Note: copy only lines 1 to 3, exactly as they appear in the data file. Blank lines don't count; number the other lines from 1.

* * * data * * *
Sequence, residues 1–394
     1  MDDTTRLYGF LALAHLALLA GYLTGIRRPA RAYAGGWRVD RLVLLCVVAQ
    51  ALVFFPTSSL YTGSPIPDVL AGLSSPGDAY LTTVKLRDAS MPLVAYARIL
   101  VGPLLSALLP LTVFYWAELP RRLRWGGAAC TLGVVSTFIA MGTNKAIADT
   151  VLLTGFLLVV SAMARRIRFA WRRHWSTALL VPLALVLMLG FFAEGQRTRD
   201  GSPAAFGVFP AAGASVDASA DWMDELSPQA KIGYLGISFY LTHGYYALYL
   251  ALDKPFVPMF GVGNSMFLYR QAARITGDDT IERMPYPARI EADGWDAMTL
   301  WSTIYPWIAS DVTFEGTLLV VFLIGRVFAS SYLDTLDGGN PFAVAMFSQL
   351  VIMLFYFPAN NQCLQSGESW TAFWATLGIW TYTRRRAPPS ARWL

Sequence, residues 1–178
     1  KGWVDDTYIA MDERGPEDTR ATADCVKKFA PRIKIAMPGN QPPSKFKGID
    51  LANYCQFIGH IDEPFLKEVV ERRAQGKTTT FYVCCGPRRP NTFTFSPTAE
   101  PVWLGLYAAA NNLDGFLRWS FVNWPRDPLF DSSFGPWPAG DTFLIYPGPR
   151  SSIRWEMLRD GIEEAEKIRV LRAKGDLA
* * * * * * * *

Sequence, residues 1–394
     1  MDDTTRLYGF LALAHLALLA GYLTGIRRPA RAYAGGWRVD RLVLLCVVAQ
    51  ALVFFPTSSL YTGSPIPDVL AGLSSPGDAY LTTVKLRDAS MPLVAYARIL